Why Is Sleep Important?
Sleep plays a vital role in good health and well-being throughout your life. Getting enough quality sleep at the right times can help protect your mental health, physical health, quality of life, and safety.
The way you feel while you're awake depends in part on what happens while you're sleeping. During sleep, your body is working to support healthy brain function and maintain your physical health. In children and teens, sleep also helps support growth and development.
Tips for Good Sleep
Here are some tips to cure many sleep problems and help you quickly fall asleep “. There is no need to count sheep :-):
- Exercise for 30 minutes a day. You must spend energy to receive energy. People who exercise have better body temperature cycles suitable for quality sleep and are more energetic. If you don't exercise at all, you'll feel sluggish throughout the day because your body temperature remains stagnant. Don't exercise too late in the day, however, otherwise your body temperature will be too high for good sleep.
- Get 15 minutes of sunlight a day. If you struggle to rack up a few minutes in the sun each day, you're not sleeping as well as you could be. Your internal body clock uses sunlight to control its energy levels. Light makes you awake while darkness releases melatonin (melatonin is a hormone that is part of the human sleep-wake cycle)to make you sleepy. Get outside and at least open your curtains to absorb some light for better sleep
- Stay away from caffeine and alcohol six hours before bedtime. I use to think a cup of coffee two hours before bedtime didn't keep me awake “ actually, However, these drinks disrupt later sleep cycles so you'll get poor sleep.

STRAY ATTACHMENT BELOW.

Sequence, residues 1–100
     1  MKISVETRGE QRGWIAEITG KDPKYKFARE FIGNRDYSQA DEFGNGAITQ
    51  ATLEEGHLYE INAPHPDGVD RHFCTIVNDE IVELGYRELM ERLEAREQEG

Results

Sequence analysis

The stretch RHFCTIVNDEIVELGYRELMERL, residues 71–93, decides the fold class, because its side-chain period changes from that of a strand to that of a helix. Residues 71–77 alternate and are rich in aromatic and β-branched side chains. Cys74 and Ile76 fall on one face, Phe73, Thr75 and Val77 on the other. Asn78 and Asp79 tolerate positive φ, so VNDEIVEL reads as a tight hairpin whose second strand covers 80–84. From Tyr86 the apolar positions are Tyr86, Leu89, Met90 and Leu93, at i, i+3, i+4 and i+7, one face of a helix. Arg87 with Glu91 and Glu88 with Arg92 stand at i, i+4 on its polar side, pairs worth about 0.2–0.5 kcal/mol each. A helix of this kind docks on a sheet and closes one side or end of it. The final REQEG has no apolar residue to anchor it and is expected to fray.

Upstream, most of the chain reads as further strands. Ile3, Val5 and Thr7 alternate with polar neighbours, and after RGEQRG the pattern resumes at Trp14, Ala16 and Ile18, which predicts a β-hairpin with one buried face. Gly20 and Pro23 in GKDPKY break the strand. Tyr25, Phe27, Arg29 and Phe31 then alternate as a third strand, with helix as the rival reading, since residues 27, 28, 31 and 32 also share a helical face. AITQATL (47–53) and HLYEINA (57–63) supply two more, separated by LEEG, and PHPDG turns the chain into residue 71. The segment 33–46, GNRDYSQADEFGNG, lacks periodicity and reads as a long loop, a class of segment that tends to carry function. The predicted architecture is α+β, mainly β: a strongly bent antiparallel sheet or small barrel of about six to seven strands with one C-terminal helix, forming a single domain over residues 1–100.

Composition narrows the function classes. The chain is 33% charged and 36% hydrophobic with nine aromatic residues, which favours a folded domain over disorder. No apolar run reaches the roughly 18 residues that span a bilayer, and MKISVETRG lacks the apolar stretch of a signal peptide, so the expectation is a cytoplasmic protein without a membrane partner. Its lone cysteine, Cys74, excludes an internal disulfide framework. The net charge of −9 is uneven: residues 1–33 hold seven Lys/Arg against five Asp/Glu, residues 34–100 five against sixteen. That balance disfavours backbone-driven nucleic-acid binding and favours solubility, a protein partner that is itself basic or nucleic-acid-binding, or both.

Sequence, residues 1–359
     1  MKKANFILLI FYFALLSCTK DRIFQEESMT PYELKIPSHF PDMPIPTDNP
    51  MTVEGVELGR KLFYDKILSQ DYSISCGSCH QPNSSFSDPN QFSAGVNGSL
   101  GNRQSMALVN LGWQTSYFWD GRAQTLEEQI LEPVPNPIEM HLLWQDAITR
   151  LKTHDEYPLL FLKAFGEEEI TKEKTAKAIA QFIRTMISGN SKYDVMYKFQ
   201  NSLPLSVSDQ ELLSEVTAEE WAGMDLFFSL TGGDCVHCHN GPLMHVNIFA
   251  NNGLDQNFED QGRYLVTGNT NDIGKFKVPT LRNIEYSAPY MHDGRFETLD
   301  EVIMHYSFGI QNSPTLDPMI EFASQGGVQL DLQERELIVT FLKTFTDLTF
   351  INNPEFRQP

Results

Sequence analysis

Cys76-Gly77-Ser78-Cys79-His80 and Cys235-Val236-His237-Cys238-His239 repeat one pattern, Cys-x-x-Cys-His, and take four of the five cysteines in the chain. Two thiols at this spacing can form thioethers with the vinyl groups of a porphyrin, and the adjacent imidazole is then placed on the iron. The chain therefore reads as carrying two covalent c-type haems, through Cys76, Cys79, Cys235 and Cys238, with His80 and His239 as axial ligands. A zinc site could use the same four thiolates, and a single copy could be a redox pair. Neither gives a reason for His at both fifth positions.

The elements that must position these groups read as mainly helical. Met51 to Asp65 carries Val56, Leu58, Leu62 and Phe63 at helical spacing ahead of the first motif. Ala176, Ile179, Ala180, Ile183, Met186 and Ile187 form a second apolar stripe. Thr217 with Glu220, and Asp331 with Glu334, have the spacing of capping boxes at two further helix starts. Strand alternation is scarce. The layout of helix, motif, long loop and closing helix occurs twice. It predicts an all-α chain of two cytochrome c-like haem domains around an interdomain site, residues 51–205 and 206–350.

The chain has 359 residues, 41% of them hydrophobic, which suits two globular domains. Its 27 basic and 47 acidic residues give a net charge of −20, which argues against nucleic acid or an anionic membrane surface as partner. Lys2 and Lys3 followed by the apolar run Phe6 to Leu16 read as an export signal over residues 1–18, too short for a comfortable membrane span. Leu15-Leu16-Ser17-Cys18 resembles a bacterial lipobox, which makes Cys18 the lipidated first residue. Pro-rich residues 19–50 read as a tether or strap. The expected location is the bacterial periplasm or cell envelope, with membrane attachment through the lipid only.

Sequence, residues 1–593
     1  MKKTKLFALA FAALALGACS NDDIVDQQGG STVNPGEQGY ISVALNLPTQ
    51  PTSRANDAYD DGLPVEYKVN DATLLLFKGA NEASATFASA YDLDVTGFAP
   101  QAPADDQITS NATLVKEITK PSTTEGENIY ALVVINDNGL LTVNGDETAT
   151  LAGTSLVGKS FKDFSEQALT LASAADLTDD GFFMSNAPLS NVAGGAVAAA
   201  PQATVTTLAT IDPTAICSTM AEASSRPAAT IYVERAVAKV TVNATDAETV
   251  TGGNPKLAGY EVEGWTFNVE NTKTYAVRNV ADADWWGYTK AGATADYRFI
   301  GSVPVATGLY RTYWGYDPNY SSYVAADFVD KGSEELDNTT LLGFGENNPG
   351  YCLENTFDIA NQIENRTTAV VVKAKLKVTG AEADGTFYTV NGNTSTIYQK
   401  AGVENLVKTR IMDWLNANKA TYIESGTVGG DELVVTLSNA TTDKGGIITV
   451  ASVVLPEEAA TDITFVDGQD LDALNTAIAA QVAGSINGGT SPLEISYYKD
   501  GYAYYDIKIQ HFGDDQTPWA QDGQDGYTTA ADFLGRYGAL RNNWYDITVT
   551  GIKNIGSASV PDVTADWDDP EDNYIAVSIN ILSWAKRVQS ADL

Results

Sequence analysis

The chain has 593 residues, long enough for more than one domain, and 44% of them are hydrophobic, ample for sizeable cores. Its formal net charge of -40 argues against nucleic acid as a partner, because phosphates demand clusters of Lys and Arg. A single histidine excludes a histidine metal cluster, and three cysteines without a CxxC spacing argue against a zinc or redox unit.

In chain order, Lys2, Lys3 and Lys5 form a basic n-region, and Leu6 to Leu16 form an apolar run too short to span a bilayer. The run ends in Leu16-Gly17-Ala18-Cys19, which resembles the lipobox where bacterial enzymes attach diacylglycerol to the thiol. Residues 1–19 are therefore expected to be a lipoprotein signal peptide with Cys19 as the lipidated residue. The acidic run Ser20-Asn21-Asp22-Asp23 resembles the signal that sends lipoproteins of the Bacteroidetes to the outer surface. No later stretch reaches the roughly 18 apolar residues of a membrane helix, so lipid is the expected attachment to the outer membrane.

- Quit smoking. Nicotine is a stimulant. Also, smokers can experience nicotine withdrawal during the night that disrupts sleep. Your body will thank you in more ways than better sleep once you quit sucking down that crap.
- Stay away from television and computer games before bedtime.
- Don't take sleeping pills. You should consult with a doctor before following the advice in this article.
- Get a nice bed. You spend one-third of your time in bed so make yourself comfortable. Make sure you have plenty of room to stretch out
- Eliminate sensory input. Make your bedroom as dark as possible and get outside noises to a minimum. A towel under a door helps with both.
- Make your room a good temperature with ventilation. If you're in a hot room with bad ventilation, expect bad sleep. The body best falls asleep often in cooler temperatures. Open your windows if you can to let in cool air. If you get cold, put on more blankets. Fresh oxygen is vital for good sleep. Experiment with the room temperature best for you. A thermostat to measure your ideal room temperate and a fan to cool you down and ventilate the room will improve your sleep and give you more energy
- Find your sleeping personality. 95% of the time we won't fall asleep until we are sleeping in a particular position, which feels the most comfortable.
- Build a relaxing sleep routine. Try yoga, reading, or visualizations, for example, to see what relaxation techniques you like. Do these consistently before going to bed and you'll notice you fall asleep without worry-filled thoughts clogging your mind.
- Change what isn't working. If you lay in bed for 20 minutes and do not feel sleepy maybe because your mind is rushing, do something else. Things that have worked for many include eating a light meal because a hungry stomach can keep me awake, drinking water, visualizations like tensing then releasing all the muscles in my body from head to toe, reading, or doing some non-stimulating activity until I feel tired.